Sex Tape review

Director:
Jake Kasdan
Cast:
Cameron Diaz
Jason Segel
Rob Corddry
Ellie Kemper
Rob Lowe
Rated: R

Annie (Diaz) and Jay (Segel) are a married couple who seem to have lost the spark in their marriage. Now that they have kids, careers and other responsibilities, their sex lives have suffered. To get back to the type of relationship they had in college, Annie comes up with an idea. However, the morning after, the couple finds that the sex tape they made the night before was uploaded to a cloud network that is connected to multiple iPads. Because of this, the couple go on a search and destroy mission to eliminate all copies of the video.

“Sex Tape” is a movie that, as the story goes on, just meanders from scene to scene. Good comedies can get away with this usually with strong humor, and unfortunately, Sex Tape doesn’t have this. Despite being just over an hour and a half, the dullness of what’s happening makes it seem longer. Just when you thought it couldn’t get any dumber, though, an antagonist is introduced in the third act and brings the movie into even more ridiculous antics that simply weren’t funny.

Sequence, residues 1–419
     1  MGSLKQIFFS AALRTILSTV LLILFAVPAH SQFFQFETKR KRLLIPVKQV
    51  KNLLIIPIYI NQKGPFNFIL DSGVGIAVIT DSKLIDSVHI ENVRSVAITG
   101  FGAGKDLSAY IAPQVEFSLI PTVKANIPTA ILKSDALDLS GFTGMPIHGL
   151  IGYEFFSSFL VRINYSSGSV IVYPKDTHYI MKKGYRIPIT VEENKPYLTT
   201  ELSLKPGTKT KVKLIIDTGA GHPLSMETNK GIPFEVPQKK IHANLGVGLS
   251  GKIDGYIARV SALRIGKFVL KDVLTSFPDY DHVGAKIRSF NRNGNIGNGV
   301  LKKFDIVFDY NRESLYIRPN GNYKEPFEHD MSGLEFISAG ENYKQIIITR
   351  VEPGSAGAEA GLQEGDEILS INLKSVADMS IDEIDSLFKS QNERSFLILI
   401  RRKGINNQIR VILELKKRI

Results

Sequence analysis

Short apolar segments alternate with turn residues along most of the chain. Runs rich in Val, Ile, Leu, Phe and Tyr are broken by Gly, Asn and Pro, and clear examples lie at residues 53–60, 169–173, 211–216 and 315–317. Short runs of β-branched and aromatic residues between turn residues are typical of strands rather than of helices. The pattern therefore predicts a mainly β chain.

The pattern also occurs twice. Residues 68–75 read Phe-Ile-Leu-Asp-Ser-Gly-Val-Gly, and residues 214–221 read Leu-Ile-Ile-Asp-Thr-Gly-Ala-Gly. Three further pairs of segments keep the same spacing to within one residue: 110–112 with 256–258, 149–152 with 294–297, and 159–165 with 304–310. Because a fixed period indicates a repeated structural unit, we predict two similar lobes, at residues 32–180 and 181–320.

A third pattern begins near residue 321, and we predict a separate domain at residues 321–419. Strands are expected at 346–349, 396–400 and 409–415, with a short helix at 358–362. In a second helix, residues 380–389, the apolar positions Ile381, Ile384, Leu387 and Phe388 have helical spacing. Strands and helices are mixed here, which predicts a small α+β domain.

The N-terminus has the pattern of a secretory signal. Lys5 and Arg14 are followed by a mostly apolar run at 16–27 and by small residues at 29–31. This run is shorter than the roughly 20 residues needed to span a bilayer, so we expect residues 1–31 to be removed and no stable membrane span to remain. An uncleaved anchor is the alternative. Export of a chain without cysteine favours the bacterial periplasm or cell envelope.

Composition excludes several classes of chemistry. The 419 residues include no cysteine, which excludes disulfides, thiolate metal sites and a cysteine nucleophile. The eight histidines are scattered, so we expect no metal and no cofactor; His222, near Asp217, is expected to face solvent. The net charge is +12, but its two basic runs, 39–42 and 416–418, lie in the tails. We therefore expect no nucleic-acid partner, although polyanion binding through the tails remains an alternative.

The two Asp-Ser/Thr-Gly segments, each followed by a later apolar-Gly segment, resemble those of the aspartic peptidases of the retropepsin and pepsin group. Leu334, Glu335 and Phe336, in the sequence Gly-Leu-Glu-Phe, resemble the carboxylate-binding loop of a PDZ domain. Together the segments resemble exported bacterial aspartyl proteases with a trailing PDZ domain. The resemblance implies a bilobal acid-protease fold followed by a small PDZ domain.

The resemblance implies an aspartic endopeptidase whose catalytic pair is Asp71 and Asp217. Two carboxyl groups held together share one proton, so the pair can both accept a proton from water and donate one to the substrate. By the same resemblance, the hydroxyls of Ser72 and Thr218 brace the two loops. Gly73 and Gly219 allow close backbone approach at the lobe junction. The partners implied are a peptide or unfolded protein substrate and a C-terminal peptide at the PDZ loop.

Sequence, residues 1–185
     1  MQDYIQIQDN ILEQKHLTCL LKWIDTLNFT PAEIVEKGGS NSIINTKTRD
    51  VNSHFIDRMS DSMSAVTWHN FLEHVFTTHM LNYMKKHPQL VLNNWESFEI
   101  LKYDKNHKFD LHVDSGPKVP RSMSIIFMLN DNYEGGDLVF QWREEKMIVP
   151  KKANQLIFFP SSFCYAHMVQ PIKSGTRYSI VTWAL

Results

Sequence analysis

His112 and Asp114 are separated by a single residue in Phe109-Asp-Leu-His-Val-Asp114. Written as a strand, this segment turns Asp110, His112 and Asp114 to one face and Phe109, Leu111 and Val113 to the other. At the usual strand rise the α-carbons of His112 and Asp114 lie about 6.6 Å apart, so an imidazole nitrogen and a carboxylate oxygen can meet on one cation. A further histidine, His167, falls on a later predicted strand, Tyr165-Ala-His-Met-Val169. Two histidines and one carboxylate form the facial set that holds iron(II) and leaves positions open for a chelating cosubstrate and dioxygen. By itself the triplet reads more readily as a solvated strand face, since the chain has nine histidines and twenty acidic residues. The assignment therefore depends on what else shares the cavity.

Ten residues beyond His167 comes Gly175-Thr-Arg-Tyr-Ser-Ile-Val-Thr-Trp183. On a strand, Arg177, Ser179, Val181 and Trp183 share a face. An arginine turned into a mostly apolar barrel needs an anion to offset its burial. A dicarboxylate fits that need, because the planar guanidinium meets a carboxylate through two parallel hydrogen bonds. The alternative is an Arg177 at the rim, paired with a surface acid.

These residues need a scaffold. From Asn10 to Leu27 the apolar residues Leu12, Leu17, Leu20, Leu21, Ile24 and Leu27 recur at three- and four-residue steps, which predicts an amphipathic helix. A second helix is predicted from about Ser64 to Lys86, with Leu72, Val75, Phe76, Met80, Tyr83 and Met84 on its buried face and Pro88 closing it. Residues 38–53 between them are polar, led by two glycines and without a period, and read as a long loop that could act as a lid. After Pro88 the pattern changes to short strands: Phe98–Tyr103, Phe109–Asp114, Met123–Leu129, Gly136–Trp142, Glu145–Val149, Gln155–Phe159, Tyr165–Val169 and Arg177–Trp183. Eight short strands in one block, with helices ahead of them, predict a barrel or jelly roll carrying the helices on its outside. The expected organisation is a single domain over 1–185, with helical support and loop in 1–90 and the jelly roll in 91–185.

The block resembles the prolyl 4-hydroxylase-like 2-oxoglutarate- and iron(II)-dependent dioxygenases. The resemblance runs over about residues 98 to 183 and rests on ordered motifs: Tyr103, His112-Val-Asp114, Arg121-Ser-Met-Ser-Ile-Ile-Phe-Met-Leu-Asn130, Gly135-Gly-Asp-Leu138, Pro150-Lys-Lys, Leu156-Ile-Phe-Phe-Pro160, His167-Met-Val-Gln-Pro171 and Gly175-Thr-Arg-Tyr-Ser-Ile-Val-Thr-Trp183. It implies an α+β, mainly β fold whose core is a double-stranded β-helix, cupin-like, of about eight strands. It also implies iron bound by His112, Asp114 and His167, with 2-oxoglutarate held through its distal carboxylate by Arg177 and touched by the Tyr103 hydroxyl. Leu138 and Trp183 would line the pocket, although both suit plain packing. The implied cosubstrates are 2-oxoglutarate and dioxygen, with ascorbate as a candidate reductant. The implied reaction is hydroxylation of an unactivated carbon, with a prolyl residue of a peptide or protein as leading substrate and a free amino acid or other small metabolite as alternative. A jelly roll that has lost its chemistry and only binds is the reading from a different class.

All the humor here goes for the lowest common denominator, from a lame joke about diarrhea to just prat falling all over the place. There’s even a part where Segel is chased by a dog which was more or less the same thing that happened in “Father of the Bride” (a better movie, by the way).

As far as characters go, neither lead was given that much to do in terms of clever dialogue or funny banter. While Diaz does her best with the material given, there simply isn’t enough for her to do. On the other side, though, Segel really just seems to play the sort of goofy guy we’ve seen before in his other films.

The side characters did raise the bar a little bit. Rob Corddry’s character had some funny moments and Rob Lowe provided a laugh or two. There was even a semi-funny, short appearance by Jack Black.

None of that is enough to save this picture, though. “Sex Tape” just doesn’t have very strong comedic material and never truly utilizes the humorous talents of its lead actors. 1 out of 5.

Author: Matthew Liedke

Journalist and film critic in Minnesota. Graduate of Rainy River College and Minnesota State University in Moorhead. Outside of movies I also enjoy sports, craft beers and the occasional video game.

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